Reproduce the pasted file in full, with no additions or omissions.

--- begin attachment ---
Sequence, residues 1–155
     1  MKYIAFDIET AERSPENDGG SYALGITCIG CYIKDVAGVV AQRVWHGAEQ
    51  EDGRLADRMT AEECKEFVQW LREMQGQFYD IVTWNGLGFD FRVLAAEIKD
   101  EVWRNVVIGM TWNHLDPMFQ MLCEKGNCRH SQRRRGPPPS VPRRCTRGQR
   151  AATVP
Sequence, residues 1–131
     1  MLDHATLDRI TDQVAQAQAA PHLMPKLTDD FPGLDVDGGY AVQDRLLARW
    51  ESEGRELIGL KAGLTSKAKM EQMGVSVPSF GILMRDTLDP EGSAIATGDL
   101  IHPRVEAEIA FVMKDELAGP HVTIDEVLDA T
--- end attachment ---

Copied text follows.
Sequence, residues 1–155
     1  MKYIAFDIET AERSPENDGG SYALGITCIG CYIKDVAGVV AQRVWHGAEQ
    51  EDGRLADRMT AEECKEFVQW LREMQGQFYD IVTWNGLGFD FRVLAAEIKD
   101  EVWRNVVIGM TWNHLDPMFQ MLCEKGNCRH SQRRRGPPPS VPRRCTRGQR
   151  AATVP
Sequence, residues 1–131
     1  MLDHATLDRI TDQVAQAQAA PHLMPKLTDD FPGLDVDGGY AVQDRLLARW
    51  ESEGRELIGL KAGLTSKAKM EQMGVSVPSF GILMRDTLDP EGSAIATGDL
   101  IHPRVEAEIA FVMKDELAGP HVTIDEVLDA T